Lawyer: Feds to reopen Mich. man's asylum case

The government has agreed to reopen the case of an asylum seeker who came to the U.S. from war-torn Yugoslavia 16 years ago and who was ordered deported after he was 40 minutes late to an immigration hearing, his lawyer said Tuesday.

The decision was made before a federal appeals court issued a ruling Monday reluctantly declining to intervene in the case of Anton Camaj, even as it described his situation as a "miscarriage of justice."

Camaj, a 43-year-old painter who lives in the Detroit suburb of Farmington Hills, came to the U.S. from the former Yugoslavia in 1994 and sought asylum the next year when faced with deportation proceedings.

He attended two hearings in 1995 at an immigration building east of downtown Detroit, but he arrived 40 minutes late for the third meeting at a different location — and six minutes after a judge dismissed the case and ordered him deported. Camaj has argued he was confused about the new location.

Camaj's attorney, Carrie Pastor Cardinale, said Tuesday that an immigration judge recently reopened the case with the consent of the U.S. Justice Department. The appeals court was not aware.

"We still have to prove his case," Cardinale said, referring to why Camaj, an ethnic Albanian, believes he deserves to stay in the U.S. instead of being deported to Montenegro, which was once part of Yugoslavia.

Justice Department lawyer Anthony Nicastro could not immediately be reached for comment.

In its ruling Monday, the 6th U.S. Circuit Court of Appeals said Congress had adopted strict rules about attendance to prevent people from skipping immigration hearings just to extend their stays in the U.S.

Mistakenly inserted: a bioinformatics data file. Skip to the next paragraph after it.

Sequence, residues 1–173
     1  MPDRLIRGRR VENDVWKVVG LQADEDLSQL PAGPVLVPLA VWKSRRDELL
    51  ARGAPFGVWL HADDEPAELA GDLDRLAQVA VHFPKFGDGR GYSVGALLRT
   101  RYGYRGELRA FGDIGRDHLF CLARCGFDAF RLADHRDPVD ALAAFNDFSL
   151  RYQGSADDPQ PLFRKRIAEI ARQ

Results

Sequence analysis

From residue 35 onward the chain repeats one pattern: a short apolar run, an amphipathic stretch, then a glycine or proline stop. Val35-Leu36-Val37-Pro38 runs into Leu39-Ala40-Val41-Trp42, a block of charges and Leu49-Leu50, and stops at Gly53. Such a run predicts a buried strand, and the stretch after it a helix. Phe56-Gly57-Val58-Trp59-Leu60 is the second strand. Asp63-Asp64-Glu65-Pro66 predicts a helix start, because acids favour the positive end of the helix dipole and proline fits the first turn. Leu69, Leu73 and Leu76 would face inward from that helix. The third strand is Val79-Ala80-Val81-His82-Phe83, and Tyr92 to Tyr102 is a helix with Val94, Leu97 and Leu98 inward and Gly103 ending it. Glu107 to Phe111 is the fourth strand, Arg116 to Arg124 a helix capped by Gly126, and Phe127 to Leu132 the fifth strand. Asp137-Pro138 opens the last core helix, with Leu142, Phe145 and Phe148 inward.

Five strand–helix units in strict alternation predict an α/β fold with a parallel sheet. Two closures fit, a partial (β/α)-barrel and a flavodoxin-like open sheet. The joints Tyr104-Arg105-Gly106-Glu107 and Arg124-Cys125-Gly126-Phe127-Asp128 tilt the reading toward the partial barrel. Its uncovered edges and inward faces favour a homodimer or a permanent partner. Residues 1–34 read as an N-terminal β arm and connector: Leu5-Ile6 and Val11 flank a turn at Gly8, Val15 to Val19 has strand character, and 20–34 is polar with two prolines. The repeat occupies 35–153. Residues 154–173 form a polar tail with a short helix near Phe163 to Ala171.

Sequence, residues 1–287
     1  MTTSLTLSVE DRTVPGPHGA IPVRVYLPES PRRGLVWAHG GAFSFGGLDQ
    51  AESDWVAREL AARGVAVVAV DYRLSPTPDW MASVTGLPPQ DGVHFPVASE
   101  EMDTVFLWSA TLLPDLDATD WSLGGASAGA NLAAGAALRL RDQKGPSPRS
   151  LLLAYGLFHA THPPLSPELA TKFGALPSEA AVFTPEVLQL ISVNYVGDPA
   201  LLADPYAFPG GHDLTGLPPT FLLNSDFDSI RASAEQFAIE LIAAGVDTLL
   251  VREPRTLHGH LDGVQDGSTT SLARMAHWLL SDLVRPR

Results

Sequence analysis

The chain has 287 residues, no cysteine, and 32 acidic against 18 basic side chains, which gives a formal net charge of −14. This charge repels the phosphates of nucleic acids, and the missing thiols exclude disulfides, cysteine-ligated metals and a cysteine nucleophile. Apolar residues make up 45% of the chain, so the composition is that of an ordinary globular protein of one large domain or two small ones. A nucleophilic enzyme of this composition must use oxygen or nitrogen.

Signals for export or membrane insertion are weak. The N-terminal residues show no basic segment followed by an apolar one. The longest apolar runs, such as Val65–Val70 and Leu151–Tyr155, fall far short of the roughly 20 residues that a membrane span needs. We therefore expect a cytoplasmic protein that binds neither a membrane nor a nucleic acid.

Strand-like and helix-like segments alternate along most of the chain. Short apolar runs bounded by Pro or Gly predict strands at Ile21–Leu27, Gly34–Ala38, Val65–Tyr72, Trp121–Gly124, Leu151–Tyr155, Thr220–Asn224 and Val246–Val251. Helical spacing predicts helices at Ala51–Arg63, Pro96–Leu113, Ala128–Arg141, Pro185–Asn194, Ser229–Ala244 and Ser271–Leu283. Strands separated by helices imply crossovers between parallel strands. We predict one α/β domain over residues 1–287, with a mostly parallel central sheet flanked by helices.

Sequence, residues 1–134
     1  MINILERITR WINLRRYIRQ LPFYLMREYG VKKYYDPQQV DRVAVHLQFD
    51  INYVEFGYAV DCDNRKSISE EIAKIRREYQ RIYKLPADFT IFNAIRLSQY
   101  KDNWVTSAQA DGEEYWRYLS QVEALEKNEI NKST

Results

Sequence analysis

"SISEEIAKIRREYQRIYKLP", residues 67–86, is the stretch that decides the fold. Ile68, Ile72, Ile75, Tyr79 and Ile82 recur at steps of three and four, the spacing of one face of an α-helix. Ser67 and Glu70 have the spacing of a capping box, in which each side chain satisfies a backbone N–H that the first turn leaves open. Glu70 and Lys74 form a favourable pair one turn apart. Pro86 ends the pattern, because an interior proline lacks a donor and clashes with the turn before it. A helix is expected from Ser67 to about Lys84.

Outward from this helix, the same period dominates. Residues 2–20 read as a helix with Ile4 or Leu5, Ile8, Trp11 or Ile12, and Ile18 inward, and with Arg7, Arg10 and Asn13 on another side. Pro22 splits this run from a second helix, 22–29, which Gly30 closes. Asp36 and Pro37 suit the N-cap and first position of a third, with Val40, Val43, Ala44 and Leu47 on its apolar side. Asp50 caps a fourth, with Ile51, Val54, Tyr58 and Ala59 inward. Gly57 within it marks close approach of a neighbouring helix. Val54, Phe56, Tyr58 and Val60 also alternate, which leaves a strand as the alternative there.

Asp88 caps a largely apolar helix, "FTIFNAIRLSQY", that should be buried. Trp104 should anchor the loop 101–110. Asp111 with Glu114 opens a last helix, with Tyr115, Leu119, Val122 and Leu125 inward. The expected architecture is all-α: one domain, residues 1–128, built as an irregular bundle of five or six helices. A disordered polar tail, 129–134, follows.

But a case like Camaj's probably was not what lawmakers had in mind, the three-judge panel said.

"Our current legislative, administrative, and judicial procedures have combined to deprive a fellow human being of his day in the courts of our country," judges Judith Barzilay, Ralph Guy Jr. and Richard Griffin said.

Nonetheless, the Cincinnati-based court said it must follow legal precedent and rule against him.

It wasn't the first time the appeals court had weighed in. In 2003, it ordered a fresh look to determine whether Camaj's rights were violated because of the building mix-up. An immigration judge subsequently said it wasn't practical in 1995 to personally deliver a notice to Camaj, and the Board of Immigration Appeals upheld that decision.

Camaj declined to comment when reached by phone Tuesday.

Cardinale said Camaj is single but has extended family in the Detroit area.

"He's been here 16 years. He has a painting business. He's made a life for himself," she said. "I have to show that he fears future persecution in Montenegro because of ethnicity. For him to go back as an ethnic Albanian puts him in great harm."

Cardinale believes the appeals court's decision could help other immigrants in similar situations.

"It's valuable. The court made a strong statement about how unfair the laws are," she said.